This year my wife and I are thinking long term and aiming to be extra ambitious. What type of ambitious venture are we talking about? We are considering purchasing a second property. We are getting sick and tired of the 9 -5 life and looking for an investment vehicle to bring in cash at the same time keep up with inflation rates or more. Real estate is the best of both worlds but is risky. So this post is just sharing some information I came by in my research from articles and talking to friends in the field. Here are a few tips if you are considering about real estate as an investment.
Bigger Down Payment
For a first homebuyer the government and mortgage company is very lenient about the process and down payment. However, when it comes to making money the process is more intensive. The mortgage company will usually require a down payment of 20% though 25% is recommended. Keep in mind as well that the higher the down payment the better chances you have of securing the loan. If you have the means to buy in cash, then you are set but otherwise you need to save up minimum 20% for the down payment. Start saving that cash now!
Debt to Income Ratio
To qualify for an investment loan is very similar to a first purchase home loan when it comes to the debt to income ratio. The bank will count the current mortgage and that will affect the likelihood of securing the loan. To avoid this issue it’s best to pay off small monthly debts to improve your ratio. Banks will take into factor your monthly spending on debts such as, mortgage, auto loans, student loans, credit card, child support, alimony and other monthly debt obligations. Thus either decrease the debt or increase the income to get a favorable debt to income ratio. Start by viewing your debt list and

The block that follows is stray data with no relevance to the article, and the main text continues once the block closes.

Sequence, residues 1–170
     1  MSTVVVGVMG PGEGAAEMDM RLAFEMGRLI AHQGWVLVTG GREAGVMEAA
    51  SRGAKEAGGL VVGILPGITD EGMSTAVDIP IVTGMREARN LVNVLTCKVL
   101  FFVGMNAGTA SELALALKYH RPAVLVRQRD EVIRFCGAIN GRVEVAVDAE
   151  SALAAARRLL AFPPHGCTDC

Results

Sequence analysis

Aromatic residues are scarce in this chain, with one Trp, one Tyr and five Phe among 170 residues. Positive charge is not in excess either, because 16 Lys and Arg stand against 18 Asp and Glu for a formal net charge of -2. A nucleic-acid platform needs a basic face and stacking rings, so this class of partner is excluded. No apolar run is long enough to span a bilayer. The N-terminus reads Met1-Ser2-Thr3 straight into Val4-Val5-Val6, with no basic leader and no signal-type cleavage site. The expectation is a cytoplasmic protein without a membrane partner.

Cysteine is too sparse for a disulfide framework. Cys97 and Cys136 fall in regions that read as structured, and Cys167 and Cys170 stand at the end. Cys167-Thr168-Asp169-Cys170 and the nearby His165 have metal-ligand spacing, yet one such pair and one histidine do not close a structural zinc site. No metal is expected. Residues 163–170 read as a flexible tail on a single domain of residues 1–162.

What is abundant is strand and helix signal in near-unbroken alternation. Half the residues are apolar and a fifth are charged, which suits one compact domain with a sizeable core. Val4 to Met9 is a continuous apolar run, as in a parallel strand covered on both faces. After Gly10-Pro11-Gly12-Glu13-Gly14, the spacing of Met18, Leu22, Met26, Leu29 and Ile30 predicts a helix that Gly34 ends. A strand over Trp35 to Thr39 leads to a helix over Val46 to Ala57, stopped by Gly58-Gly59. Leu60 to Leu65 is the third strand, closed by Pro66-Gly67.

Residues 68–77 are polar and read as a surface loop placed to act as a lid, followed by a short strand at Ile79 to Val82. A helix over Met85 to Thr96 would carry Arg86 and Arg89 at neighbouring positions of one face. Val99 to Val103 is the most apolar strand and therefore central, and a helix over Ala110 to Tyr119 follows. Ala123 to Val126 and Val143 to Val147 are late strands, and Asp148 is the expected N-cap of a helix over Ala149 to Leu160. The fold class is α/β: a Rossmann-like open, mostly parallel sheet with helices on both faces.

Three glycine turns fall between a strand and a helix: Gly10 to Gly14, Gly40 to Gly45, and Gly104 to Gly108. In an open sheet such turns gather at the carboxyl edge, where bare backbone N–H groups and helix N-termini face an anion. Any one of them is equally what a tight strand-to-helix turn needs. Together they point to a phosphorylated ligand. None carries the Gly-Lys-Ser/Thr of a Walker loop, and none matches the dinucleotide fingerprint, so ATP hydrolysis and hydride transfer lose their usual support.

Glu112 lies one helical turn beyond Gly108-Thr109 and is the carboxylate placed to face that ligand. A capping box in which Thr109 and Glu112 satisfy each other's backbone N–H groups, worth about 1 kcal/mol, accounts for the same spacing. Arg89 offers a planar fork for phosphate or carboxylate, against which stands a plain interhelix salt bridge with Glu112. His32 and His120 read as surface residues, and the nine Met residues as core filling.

Banks will require a higher credit score before handing out cash for an investment property. Compared to owner-occupied loans that will take credit as low as 600, for an investment property the recommended score is a high 720. This score will vary so lets consider it a range of 700 – 730.
Skip the Renovations
This point hits home for me as it was my original plan. Not too surprisingly though but most articles/stories recommend to stay away from renovations. I know it’s tempting during this time of gentrification to buy real low and fix it up for a higher profit. For a professional that can be a viable option as it is backed by experience. For a newbie in the investment world it’s best to stay away unless you have cash reserves for the renovation.
In addition, according to one of my favorite podcasts “Bigger Pockets” the key to a successful renovation is a trust worthy general contractor. Those are hard to come by though. Therefore, the safest option is to buy an investment property with minor renovations required and working towards a tenant ASAP.
Long Term Goal
Having a plan with a large purchase is an essential. This of course isn’t exactly a requirement to qualify for a loan but in my book it should be. Decide whether flipping a home is your cup of tea, but don’t forget about the extra taxes on the capital gain. If you are a long-term thinker then renting out the property while paying the mortgage down ASAP will be an ideal plan. Either way think what do you want to accomplish at the end of the day.
From our discussion, we are planning for long-term income for many reasons and by knowing the above it helps set our goals. Up next for us is just saving the down payment and increasing our credit scores more. Our ambitious goal is to own an investment property sometime this year but realistically it may not happen until summer 2018. No rush on our side however, we still taking care of our first home. I hope this helps by expanding your knowledge if you ever considered in getting into investment properties. I highly suggest saving as much cash as possible and listening to Bigger Pockets. Read my other post as lessons we learned about purchasing a home as well.
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